ILOILO CITY - Power firm MORE Electric and Power Corp. (MORE) has secured a 60-day temporary restraining order (TRO) from the Court of Appeals against a halt order issued by a Mandaluyong court in favor of rival Panay Electric Company (PECO).
Mandaluyong Regional Trial Court Branch 209 Judge Monique Quisumbing-Ignacio on March 12 ordered MORE not to push through with its expropriation proceedings against PECO and its takeover of PECO’s assets.
PECO had challenged certain provisions of Republic Act 11212, which granted MORE’s franchise, alleging that these amounted to an arbitrary and confiscatory “takeover” of its assets.
It claimed that MORE, an entity allegedly without any assets, facilities or equipment, will effectively be allowed to own PECO’s entire distribution system if it is allowed to expropriate its assets.
But in an 8-page resolution dated March 28, the CA Special 17th Division granted MORE's plea for a TRO to stop the Mandaluyong court from implementing its halt order.
Associate Justice Elihu Ybañez cited 4 reasons in granting the TRO:
- PECO's franchise had already expired and another franchise has been granted to MORE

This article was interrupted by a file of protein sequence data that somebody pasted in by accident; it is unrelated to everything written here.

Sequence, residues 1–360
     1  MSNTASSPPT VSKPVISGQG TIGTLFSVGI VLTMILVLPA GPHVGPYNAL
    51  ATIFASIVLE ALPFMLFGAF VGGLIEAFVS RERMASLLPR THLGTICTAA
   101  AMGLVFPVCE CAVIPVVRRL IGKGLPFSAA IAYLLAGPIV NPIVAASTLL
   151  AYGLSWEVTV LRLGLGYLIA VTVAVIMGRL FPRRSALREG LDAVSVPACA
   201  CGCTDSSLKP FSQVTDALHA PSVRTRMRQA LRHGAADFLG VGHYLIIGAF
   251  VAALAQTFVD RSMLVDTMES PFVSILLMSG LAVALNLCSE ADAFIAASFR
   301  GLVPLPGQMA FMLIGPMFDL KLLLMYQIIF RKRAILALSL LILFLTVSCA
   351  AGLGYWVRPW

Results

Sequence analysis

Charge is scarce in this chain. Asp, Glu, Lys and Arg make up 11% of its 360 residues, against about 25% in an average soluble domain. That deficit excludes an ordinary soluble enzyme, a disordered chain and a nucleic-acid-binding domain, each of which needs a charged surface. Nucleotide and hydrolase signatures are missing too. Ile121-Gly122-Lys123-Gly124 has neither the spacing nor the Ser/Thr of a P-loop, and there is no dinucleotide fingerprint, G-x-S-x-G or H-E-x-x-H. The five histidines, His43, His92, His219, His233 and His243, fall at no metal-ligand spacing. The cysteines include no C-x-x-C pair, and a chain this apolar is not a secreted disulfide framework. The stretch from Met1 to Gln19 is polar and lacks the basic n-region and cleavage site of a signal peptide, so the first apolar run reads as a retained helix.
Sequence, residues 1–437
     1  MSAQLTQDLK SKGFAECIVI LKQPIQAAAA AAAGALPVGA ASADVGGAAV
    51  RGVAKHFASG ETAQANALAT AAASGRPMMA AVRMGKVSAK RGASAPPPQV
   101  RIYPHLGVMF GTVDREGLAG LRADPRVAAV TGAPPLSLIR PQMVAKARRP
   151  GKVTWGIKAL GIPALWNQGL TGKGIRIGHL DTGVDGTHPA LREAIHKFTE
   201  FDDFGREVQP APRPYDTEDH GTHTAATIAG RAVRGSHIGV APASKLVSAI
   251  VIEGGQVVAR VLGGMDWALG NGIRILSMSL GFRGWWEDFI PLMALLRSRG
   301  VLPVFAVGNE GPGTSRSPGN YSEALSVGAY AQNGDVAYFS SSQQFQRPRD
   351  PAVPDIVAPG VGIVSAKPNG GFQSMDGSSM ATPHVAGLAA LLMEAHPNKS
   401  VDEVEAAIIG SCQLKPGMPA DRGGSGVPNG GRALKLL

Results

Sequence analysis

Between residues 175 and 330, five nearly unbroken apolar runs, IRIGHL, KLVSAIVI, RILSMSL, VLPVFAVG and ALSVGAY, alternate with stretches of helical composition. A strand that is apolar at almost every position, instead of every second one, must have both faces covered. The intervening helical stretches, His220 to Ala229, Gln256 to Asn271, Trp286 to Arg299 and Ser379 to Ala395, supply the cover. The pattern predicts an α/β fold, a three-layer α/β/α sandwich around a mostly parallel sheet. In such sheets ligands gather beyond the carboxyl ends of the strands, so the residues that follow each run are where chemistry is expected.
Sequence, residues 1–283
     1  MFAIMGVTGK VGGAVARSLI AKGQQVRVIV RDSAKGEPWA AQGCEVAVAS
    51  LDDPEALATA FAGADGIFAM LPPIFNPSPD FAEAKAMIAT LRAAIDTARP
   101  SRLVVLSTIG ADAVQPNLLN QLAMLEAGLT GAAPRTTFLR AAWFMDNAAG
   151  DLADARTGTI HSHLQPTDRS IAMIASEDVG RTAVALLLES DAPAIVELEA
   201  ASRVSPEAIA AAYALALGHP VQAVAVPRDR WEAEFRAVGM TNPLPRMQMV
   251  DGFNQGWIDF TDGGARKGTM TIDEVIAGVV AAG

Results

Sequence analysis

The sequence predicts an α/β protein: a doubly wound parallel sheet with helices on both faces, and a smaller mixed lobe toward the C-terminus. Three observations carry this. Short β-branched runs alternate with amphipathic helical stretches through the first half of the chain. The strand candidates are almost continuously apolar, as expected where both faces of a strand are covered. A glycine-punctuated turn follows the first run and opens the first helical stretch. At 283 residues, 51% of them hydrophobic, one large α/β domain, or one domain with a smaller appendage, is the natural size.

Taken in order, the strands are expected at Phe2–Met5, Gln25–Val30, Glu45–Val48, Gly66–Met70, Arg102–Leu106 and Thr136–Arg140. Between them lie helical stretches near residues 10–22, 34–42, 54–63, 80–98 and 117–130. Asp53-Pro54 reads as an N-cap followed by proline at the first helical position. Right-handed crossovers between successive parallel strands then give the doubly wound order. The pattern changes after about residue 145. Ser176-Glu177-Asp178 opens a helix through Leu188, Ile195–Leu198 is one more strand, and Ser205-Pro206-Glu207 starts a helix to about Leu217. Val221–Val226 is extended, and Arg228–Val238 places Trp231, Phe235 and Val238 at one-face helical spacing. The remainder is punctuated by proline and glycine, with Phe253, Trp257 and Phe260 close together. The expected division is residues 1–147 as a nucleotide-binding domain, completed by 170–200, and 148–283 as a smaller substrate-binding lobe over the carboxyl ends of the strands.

- Under section 78 of the Electric Power Industry Reform Act of 2001 (EPIRA), only the Supreme Court may prevent its implementation, including franchises granted to a distribution utility like MORE
- The Mandaluyong court's TRO prevents the Department of Energy (DOE) and the Energy Regulatory Commission (ERC) from performing their mandate under the EPIRA Law, which is illegal
- The Mandaluyong court's TRO has the effect of extending PECO's franchise, an authority vested only in Congress.
CA gave MORE 10 days to pay a bond of P5 million to answer for any damage PECO may suffer.
It also directed PECO to file its comment to MORE's petition before the CA questioning the Mandaluyong court's TRO and explain why the appellate court should not grant a longer writ of preliminary injunction.
With this order, MORE can now move to secure a working permit from the DOE and ERC called a certificate of public convenience and necessity (CPCN) and proceed with its operations.
PECO had been operating as Iloilo’s power distributor for 95 years, but its franchise expired on January 18 this year and efforts to extend it in Congress have not prospered.
ABS-CBN's sister company, First Philippine Holdings, is a minority stakeholder in PECO.